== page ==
Donn’s dad had already arranged to rent us a car, figuring our ’87 Volvo (keep track here—this is not the new one, but the old black one) might not be super-reliable on a journey of 1000 miles that would begin with a single breakdown (this is called foreshadowing and is the mark of a real writer. Hemingway did it all the time). So on Sunday night, we drove out to the airport rent-a-car location to pick it up. As we pulled into the parking lot, the black Volvo sputtered and died.

Could it be out of gas? It was low…could the gauge be off? The guy behind the counter offered to loan us his gas can and almost immediately, it seemed, regretted it. Honestly, we were dressed nicely and using correct grammar and he hadn’t seen our car, but he kept stressing that it was HIS PERSONAL can and if we didn’t come back with it, we’d be ripping him off and not the gigantic soulless rent-a-car corporation. Um? We already told you we’d bring it back? It was a little comic how worried he was about it. As soon as we pulled back into the parking lot, he ran from behind the counter to the parking lot and asked for the can back. We pointed out that we’d like to empty it first. He agreed reluctantly.

How many people does it take to figure out how to pour gas from a can? In my experience, 4. I filled the role of calling Heather on the phone and telling her what was going on, since we’d planned to leave the black Volvo at their place since they live much closer to the airport. Donn, the owner of the gas can, and another random man who drove the airport shuttle, spent a very very long time figuring out how to attach the little nozzle. We still leaked gas all down the side of the car.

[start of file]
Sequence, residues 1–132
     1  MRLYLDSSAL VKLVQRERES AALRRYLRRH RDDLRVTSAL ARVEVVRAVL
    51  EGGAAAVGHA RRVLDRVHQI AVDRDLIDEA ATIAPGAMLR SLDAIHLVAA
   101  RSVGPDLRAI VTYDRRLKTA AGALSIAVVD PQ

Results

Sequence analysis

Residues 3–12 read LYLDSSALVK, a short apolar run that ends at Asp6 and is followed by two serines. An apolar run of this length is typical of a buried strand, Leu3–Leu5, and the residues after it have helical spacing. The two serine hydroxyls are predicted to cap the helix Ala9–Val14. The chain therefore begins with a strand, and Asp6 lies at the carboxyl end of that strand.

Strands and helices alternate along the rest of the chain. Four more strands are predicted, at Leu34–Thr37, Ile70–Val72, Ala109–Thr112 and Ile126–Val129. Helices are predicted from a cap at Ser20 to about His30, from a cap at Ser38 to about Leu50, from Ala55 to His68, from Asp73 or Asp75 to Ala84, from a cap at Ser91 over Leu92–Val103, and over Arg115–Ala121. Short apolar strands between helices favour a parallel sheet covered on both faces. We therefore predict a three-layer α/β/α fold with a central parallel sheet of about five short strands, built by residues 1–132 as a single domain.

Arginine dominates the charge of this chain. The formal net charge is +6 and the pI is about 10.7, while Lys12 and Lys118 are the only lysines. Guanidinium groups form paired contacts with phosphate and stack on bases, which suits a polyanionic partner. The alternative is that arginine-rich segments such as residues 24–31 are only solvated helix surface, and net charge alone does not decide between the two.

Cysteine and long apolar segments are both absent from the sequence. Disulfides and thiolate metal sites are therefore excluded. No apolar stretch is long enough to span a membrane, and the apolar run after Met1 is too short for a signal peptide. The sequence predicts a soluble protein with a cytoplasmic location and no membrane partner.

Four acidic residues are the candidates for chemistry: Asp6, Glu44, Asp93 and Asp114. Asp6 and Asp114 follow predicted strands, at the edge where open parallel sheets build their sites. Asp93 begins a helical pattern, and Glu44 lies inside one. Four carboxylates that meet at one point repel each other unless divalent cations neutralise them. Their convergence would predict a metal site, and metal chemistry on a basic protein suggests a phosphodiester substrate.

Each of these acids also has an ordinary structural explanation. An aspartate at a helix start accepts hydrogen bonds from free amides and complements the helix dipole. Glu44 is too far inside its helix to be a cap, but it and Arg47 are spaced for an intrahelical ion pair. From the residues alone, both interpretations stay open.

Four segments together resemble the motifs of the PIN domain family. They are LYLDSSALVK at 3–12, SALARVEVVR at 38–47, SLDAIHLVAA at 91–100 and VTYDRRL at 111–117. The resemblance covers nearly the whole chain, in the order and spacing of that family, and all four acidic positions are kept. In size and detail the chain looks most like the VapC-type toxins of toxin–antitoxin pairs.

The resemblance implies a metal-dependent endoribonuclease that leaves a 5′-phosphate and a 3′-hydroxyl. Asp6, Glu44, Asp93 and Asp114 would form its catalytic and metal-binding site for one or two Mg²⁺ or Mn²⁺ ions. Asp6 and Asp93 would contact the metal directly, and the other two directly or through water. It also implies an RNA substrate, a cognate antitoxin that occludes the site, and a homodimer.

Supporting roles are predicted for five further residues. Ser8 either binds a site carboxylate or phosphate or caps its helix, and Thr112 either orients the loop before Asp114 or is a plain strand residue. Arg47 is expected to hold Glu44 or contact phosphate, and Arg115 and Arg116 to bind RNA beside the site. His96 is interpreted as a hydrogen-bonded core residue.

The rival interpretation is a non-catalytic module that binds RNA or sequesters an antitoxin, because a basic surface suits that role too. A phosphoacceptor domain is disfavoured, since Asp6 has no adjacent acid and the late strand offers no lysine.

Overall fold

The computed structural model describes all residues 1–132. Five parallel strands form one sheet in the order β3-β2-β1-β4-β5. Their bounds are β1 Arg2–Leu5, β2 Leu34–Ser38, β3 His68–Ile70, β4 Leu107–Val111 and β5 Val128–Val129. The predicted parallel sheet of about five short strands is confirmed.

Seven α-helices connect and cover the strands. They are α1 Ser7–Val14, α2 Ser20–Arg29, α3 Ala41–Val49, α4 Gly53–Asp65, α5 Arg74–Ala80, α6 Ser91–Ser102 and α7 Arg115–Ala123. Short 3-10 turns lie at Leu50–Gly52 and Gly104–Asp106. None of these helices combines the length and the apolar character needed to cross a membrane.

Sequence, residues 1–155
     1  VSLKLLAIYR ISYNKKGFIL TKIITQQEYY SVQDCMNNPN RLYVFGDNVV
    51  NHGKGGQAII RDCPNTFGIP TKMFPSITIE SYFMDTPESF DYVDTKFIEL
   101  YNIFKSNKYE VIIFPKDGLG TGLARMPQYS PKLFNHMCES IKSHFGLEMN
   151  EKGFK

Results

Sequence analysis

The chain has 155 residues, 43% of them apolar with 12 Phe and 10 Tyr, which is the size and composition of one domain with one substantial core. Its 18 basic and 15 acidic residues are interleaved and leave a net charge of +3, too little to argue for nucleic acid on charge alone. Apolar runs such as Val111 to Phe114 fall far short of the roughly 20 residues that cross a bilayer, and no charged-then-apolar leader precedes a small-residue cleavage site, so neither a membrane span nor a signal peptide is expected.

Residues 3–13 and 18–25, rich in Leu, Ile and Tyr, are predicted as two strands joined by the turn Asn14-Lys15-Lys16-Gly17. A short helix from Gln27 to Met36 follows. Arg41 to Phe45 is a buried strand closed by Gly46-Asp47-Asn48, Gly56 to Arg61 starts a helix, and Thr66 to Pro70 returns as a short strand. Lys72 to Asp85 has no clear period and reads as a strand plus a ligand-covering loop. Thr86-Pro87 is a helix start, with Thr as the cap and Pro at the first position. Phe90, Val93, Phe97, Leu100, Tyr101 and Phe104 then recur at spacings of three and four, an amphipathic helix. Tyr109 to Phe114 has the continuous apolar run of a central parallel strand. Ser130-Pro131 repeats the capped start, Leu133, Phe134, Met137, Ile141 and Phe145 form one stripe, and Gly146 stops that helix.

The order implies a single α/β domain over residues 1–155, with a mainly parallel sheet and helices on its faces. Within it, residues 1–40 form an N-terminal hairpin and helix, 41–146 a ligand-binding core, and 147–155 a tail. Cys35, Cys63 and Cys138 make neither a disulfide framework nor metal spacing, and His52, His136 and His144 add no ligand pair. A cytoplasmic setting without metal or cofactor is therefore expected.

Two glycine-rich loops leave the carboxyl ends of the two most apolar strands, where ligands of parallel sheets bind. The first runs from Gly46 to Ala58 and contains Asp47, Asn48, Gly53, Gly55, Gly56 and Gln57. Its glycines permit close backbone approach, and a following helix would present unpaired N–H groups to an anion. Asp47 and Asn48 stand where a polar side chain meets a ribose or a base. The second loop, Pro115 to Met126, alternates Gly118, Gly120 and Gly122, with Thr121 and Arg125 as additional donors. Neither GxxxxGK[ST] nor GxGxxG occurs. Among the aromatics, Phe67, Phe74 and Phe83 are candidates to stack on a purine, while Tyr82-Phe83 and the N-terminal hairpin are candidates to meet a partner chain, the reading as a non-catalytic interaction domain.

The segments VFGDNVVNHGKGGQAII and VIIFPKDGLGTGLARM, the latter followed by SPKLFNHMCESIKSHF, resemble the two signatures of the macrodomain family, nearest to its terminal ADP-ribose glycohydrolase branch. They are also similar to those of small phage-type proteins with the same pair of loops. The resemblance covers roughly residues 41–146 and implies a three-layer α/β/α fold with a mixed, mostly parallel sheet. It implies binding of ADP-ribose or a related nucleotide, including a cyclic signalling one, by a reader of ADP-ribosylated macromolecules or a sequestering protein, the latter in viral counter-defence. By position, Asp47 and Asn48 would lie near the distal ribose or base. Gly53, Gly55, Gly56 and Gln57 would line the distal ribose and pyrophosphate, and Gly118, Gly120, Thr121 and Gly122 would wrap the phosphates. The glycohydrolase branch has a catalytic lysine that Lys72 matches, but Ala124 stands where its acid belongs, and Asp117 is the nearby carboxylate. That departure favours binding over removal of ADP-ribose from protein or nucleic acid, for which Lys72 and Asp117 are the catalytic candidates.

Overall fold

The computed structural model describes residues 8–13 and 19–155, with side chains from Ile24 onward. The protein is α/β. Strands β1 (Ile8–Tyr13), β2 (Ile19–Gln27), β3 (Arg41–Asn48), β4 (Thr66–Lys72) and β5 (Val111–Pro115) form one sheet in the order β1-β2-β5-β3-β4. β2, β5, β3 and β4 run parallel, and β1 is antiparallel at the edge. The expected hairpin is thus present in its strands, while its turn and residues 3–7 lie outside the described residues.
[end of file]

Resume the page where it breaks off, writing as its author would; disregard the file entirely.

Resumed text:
Sadly, the car was not out of gas. We risked our nice coats leaning perilously near to the engine. Donn thought he’d figured out the problem. I suspect I’m getting into too much detail here, so I will cut to the moment, at 2 a.m., when Heather and I were sitting chatting in the lights of their Christmas tree when Donn and Paul walked in and announced they had managed to get the car to their house. Donn’s favorite part of the evening was when they got the car going, drove it a block, swerved to the side of the road just as it died again, and had a policeman stop to find out why they were hot-wiring a car (they weren’t really) in a sketchy neighbourhood at 1 a.m. Donn had fun explaining that it was his own car. Again, let me emphasize how nicely he was dressed; dress pants and shoes, wool coat. Apparently location is everything when it comes to being suspicious.

And yes, Heather and Paul are the best friends ever. And no, you can’t have them.

We went to bed at 2:45 a.m. We’d planned to get up at 6 and leave by 7, but when we got home we went into all the kids’ rooms, turned on the light, found their alarm clocks, turned them off, and hoped they’d think it was a weird dream.

We still left by 9. Drove uneventfully for 2 days in a brand new Kia Optima which is very fancy. It even has cupholders! Arrived at the in-laws a little earlier than they were expecting us, where we are now. Merry Christmas to all! I’m hoping for a downright boring 2012.

December 2011